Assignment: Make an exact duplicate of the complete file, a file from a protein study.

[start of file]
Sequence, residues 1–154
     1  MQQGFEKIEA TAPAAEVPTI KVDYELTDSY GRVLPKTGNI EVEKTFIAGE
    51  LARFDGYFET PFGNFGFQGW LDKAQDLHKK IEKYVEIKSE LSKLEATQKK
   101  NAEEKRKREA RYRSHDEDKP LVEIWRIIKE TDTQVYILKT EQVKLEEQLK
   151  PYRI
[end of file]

Sequence, residues 1–154
     1  MQQGFEKIEA TAPAAEVPTI KVDYELTDSY GRVLPKTGNI EVEKTFIAGE
    51  LARFDGYFET PFGNFGFQGW LDKAQDLHKK IEKYVEIKSE LSKLEATQKK
   101  NAEEKRKREA RYRSHDEDKP LVEIWRIIKE TDTQVYILKT EQVKLEEQLK
   151  PYRI